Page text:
A 3,000-year-old weapon made of ‘alien iron’ has been found near a lake in Switzerland.
An arrowhead made from a meteorite was recovered from an ancient Bronze Age site called Mörigen, which has produced a wealth of space rocks throughout history.
Geologists at the University of Bern tested the artifact’s composition, including aluminum-26, a short-lived isotope that was once abundant in the early solar system but does not occur naturally on Earth.
In Europe, however, only three meteorites containing the same combination of metals have fallen to Earth at about the same time: one in the Czech Republic, another in Spain and the third in Estonia.
The team believes the Estonian space rock was the likely candidate, which is more than 2,200 kilometers from Switzerland.
An arrowhead made from a meteorite was recovered from an ancient Bronze Age site called Mörigen, which has produced a wealth of space rocks throughout history
The arrowhead is 1.5 inches long and weighs only 0.102 grams.
The team used several methods to test the composition, including electron microscopy photographs, X-rays and analyzes of high-energy radiation.
The pointy piece is made from an iron meteorite made primarily of kamacite and taenite minerals that are only found on Earth because they fell from space.
Iron meteorites are derived from the cores of ancient planets that were destroyed by catastrophic impacts during the formation of our solar system about 4.5 billion years ago.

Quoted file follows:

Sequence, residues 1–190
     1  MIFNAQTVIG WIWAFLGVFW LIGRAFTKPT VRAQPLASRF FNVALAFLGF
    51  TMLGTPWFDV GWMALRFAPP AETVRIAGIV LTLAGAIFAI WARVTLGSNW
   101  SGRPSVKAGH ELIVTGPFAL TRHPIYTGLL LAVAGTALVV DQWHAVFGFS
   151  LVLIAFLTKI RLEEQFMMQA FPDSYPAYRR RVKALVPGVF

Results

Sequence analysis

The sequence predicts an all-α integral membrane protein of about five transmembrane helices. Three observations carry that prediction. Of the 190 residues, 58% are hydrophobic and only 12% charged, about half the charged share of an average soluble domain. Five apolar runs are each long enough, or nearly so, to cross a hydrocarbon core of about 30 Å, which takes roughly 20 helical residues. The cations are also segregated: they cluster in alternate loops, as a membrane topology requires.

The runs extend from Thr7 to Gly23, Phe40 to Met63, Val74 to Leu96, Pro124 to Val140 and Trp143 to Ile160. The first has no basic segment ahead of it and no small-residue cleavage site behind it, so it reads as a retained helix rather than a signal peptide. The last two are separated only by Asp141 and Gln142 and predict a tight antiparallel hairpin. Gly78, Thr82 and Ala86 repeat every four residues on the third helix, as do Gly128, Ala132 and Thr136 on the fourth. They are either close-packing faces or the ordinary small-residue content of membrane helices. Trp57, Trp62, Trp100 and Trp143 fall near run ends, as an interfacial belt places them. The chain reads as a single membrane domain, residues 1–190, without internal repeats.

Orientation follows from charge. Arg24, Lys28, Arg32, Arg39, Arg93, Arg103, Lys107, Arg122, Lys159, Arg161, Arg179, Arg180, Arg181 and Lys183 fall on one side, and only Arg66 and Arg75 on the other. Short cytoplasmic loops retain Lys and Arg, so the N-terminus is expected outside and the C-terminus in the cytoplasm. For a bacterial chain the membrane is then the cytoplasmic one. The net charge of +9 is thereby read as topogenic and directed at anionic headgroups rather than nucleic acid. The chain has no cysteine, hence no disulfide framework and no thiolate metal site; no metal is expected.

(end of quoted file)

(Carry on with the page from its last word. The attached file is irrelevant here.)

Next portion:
“The style of the iron arrowhead is very similar to that of bronze arrowheads from the same find complex, even though the manufacturing process was very different,” the team shared in the study.
“The attached carbon-rich organic material probably represents remnants of tar, probably wood (birch?) tar, suggesting it was once attached to an arrow.”
While the arrowhead was originally found in Lake Biel sometime in the 19th century, it was tucked away in the Bern History Museum where it was rediscovered and tested.
The team used several methods to test the composition, including electron microscopy, X-rays and analyzes of high-energy radiation. Pictured is the arrowhead captured in an X-ray, showing structure and fractures filled with iron
Researchers initially thought the space rock used to make the weapon came from the Twannberg meteorite that crashed into Switzerland about 160,000 years ago.
However, further analysis of meteorites with the same competition showed that this was not the case.
“The Mörigen arrowhead must be derived from a large (at least 2 tons pre-atmospheric mass) IAB iron meteorite based on gamma spectrometry and elemental composition,” the study reads.
‘Of the large IAB meteorites from Europe, three have a chemical composition similar to Mörigen’s arrowhead: Bohumilitz (Czech Republic), Retuerte de Bullaque (Spain) and Kaalijarv (Estonia).
“Kaalijarv is a large meteorite that produced a series of impact craters (the largest, called Kaalijärv, is 110 m (360 ft) in diameter, note the different spelling of meteorite and crater) on Saarema Island in Estonia.”
The team believes the arrowhead came from Estonia, suggesting that people traded the weapons through the same routes from the Baltic area as amber.